Interesting Fact: All the European Starlings in North America descended from 100 birds set loose in New York’s Central Park in the early 1890s. The birds were intentionally released by a group who wanted America to have all the birds that Shakespeare ever mentioned. It took several tries, but eventually the population took off. Today, more than 200 million European Starlings range from Alaska to Mexico, and many people consider them pests.  ( https://www.allaboutbirds.org/guide/European_Starling/lifehistory )

 

 

 

The Sky Speaks In A Thousand Colours.

F/4.5, 1/60, ISO 400.

Did you hear about the astronaut that stepped on the chewing gum?

He got stuck in orbit !

Interesting Fact: As a ray of white sunlight travels through the atmosphere to an observer, some of the colors are scattered out of the beam by air molecules and airborne particles, changing the final color of the beam the viewer sees. Because the shorter wavelength components, such as blue and green, scatter more strongly, these colors are preferentially removed from the beam. ( https://en.wikipedia.org/wiki/Sunset#Historically )

 

May All Your Troubles Soon Be Gone. Oh, Christmas Lights Keep Shining On.

F/22.0, 87.0, ISO 125.

Jersey City Downtown

What did the stamp say to the Christmas card?

Stick with me and we’ll go places!

Interesting Fact: The first known electrically illuminated Christmas tree was the creation of Edward H. Johnson, an associate of inventor Thomas Edison. While he was vice president of the Edison Electric Light Company, a predecessor of today’s Con Edison electric utility, he had Christmas tree light bulbs especially made for him. He proudly displayed his Christmas tree, which was hand-wired with 80 red, white and blue electric incandescent light bulbs the size of walnuts, on December 22, 1882 at his home on Fifth Avenue in New York City. Local newspapers ignored the story, seeing it as a publicity stunt. However, it was published by a Detroit newspaper reporter, and Johnson has become widely regarded as the Father of Electric Christmas Tree Lights. By 1900, businesses started stringing up Christmas lights behind their windows.[14] Christmas lights were too expensive for the average person; as such, electric Christmas lights did not become the majority replacement for candles until 1930. ( https://en.wikipedia.org/wiki/Christmas_lights#History )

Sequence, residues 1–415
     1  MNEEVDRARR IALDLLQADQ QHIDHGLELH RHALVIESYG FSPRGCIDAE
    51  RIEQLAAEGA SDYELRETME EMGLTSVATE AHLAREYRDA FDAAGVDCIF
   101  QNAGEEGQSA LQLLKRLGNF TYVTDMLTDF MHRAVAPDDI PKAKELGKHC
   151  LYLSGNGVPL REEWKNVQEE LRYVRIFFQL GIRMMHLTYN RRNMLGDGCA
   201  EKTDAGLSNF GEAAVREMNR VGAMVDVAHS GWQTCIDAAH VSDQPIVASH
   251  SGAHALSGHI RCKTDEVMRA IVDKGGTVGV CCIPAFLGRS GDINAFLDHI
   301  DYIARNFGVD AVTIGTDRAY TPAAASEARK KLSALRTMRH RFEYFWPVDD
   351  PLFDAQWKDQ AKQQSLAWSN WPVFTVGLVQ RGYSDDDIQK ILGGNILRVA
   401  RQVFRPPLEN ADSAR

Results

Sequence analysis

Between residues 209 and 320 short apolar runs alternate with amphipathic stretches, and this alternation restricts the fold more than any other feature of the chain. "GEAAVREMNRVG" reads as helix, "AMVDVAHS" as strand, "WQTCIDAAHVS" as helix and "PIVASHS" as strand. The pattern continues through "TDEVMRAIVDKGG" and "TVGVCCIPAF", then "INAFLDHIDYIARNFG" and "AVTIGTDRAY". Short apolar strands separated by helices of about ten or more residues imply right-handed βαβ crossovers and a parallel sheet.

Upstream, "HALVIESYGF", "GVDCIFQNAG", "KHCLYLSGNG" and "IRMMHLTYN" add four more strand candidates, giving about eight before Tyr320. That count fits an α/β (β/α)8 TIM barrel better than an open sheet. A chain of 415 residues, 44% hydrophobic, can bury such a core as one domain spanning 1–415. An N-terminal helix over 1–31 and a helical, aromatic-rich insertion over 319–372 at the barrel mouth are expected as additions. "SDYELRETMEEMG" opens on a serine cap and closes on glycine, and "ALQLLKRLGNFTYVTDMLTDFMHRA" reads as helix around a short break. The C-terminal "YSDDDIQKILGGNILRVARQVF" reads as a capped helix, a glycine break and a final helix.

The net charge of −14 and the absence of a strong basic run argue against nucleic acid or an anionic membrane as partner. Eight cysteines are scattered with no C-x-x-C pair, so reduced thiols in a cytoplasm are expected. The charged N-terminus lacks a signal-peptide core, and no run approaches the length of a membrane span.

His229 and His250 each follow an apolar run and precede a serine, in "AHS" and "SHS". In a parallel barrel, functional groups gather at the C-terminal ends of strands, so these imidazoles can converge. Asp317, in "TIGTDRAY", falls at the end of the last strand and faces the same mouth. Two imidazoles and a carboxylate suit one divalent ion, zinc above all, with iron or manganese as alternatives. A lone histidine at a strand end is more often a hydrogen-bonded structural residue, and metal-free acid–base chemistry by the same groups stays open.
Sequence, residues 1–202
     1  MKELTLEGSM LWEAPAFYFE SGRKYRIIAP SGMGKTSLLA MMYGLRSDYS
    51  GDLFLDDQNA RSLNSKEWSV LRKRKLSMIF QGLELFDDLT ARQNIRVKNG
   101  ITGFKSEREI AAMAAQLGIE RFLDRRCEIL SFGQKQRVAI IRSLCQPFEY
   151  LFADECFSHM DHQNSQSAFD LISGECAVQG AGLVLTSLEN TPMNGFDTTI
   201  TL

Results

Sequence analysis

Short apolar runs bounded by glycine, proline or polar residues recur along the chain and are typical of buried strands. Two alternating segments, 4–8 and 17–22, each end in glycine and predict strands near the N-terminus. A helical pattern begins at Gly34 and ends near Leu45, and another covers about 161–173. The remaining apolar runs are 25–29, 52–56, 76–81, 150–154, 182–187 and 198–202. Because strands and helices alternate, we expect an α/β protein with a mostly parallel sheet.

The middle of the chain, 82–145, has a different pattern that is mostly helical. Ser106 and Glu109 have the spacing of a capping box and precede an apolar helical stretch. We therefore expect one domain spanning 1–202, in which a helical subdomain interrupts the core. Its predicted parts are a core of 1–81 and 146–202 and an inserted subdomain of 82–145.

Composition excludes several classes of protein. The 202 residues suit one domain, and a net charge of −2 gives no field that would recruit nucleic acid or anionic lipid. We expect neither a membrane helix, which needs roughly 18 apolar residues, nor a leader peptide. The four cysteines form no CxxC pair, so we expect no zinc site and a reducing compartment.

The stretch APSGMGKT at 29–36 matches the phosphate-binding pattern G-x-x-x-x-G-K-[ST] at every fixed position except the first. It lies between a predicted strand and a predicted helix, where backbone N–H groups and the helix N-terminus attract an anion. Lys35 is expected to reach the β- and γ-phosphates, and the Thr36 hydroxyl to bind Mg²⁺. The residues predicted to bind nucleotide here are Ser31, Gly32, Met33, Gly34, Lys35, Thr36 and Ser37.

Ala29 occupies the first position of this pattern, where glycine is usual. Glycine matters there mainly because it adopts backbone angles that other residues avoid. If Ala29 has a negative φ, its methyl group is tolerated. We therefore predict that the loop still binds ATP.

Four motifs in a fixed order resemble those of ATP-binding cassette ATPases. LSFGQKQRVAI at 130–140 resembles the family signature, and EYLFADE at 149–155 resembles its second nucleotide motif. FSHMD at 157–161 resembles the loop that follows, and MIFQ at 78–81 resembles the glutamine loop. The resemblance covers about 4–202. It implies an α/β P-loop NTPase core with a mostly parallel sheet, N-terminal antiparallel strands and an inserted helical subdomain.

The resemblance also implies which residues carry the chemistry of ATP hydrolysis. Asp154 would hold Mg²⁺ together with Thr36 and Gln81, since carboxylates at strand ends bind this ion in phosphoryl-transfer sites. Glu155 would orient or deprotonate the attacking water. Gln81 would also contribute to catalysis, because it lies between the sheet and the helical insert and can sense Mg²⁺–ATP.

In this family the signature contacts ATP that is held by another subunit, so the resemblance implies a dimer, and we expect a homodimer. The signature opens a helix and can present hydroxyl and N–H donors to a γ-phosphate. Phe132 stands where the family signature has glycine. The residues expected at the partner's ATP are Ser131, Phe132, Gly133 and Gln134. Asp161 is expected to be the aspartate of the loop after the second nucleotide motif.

In Memory Of 9/11

F/16.0, 30.0, ISO 160.

We Will Never Forget 9/11.